Posted by: Andrew Skelton | 29/07/2011

Upsy Daisy


I’ve wanted to take this photo for absolutely ages, isolate and highlight the beauty of the Gerber that resides on our kitchen windows. I have tried before, and you may well have seen the results on Flickr, but I’ve not been happy with the photos. With the studio lights, and the portable studio, I have no excuse, and as I couldn’t come up with a suitable reason why I couldn’t take the photo I persevered and hey presto the shots just popped on to the memory card.

Actually, it was pretty easy but there are a couple of “gotcha’s”; firstly, whilst my camera and flash can, through some jiggery pokery take photos above the limitation of the shutter ie above 1/250second, the studio flashes don’t play ball quite the same way, and so you have to use 1/250s or slower. This then affects the aperture and ISO that can be used – I ended up using f8 which doesn’t really lend itself to creative photography but does mean you can get more of the flower in focus. Secondly, where as with hi key photography where you can use two lights at a comparable hight to illuminate the subject, the flower really needs one of the lights (the one that should act as the key light source) to be up high illuminating the flower head, whilst move the other light down low to illuminate the stem and lower flower head.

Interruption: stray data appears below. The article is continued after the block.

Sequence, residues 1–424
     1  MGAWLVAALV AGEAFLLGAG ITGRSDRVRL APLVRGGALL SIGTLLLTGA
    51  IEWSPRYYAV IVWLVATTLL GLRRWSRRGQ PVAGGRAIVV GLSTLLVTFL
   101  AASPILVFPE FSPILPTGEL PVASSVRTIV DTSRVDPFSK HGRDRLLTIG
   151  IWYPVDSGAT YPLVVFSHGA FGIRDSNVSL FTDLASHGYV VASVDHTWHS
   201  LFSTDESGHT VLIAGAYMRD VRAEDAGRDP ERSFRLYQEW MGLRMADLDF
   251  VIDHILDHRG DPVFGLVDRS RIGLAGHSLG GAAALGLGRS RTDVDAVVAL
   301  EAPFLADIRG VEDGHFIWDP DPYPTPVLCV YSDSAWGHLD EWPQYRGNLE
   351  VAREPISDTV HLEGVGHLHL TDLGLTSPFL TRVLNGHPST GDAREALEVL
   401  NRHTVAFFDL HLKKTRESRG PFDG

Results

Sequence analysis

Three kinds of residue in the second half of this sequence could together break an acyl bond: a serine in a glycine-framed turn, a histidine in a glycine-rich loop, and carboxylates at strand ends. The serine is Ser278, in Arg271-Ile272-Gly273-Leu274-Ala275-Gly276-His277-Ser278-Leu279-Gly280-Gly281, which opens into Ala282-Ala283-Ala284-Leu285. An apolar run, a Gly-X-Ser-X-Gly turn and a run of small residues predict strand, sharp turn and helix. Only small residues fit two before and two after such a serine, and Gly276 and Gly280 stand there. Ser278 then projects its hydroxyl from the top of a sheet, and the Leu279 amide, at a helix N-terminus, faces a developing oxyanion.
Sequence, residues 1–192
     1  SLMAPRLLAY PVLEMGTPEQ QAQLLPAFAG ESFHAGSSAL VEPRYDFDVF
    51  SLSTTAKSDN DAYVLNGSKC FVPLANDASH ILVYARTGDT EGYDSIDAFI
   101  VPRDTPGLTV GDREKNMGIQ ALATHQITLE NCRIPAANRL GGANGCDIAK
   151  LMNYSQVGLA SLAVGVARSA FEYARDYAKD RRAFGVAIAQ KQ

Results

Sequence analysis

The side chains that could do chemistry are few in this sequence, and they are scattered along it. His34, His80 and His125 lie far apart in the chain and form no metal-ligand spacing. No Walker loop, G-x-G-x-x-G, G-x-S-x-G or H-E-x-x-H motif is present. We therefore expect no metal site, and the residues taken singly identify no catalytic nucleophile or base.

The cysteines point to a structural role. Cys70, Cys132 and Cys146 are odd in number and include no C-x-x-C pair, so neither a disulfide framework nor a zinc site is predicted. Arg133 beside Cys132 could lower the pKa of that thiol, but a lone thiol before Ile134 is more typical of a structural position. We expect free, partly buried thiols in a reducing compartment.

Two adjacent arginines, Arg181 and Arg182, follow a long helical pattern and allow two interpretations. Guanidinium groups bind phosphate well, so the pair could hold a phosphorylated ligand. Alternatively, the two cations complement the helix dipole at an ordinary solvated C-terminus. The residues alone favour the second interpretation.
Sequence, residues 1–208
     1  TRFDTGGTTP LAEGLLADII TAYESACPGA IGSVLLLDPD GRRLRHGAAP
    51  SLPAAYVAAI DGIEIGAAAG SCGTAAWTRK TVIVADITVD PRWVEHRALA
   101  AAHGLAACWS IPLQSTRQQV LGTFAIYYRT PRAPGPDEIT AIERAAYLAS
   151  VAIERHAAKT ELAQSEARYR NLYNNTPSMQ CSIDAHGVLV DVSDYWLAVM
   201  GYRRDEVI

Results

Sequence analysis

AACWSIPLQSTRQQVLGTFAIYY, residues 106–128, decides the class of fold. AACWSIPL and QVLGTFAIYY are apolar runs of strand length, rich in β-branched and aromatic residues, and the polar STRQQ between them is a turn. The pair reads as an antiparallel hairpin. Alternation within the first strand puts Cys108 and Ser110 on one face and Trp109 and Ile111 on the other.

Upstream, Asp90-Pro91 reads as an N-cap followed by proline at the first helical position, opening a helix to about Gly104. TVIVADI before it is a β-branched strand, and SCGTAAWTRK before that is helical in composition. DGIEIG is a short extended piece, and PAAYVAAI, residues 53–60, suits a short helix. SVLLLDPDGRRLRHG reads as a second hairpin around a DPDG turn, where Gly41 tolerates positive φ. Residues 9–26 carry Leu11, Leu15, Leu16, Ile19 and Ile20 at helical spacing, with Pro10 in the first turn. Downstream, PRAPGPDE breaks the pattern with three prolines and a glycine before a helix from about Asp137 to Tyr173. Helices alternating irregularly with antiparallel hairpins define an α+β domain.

Actually I’ve just thought a way around the slower shutter speed – I can use a 5th flash unit, my flash gun, which can be fired at any speed such is the sophistication of the unit. Well, I think it’s sophisticated, I took one look at the manual when I bought it and immediately put it to once side to be read on a rainy day. Despite England having had terrible floods since,so much so that our village was cut off, with all roads to where we live being so flooded not ever 4×4 could get through.. this still wasn’t a rainy enough day for me to go back to the flashgun’s instructions!

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Responses

  1. Excellent photo Andrew. One for the wall me thinks (if not a greetings Card?)

    I fully understand about the Manual, I have one for the SB800. In fact there is only one person I have ever met, who actually sits down and relaxes reading manuals, and that’s my eldest son. Don’t you just hate a smart Ass?
    :-0)
    Regards

    Mark

    • I should really read the manual that came with my canon 1d4 to see if I’m missing anything that might help my photography – it’s a pretty small book which I don’t find conducive to reading from. Perhaps I should look for a soft copy of it. Added a link on the links page to your blog 🙂


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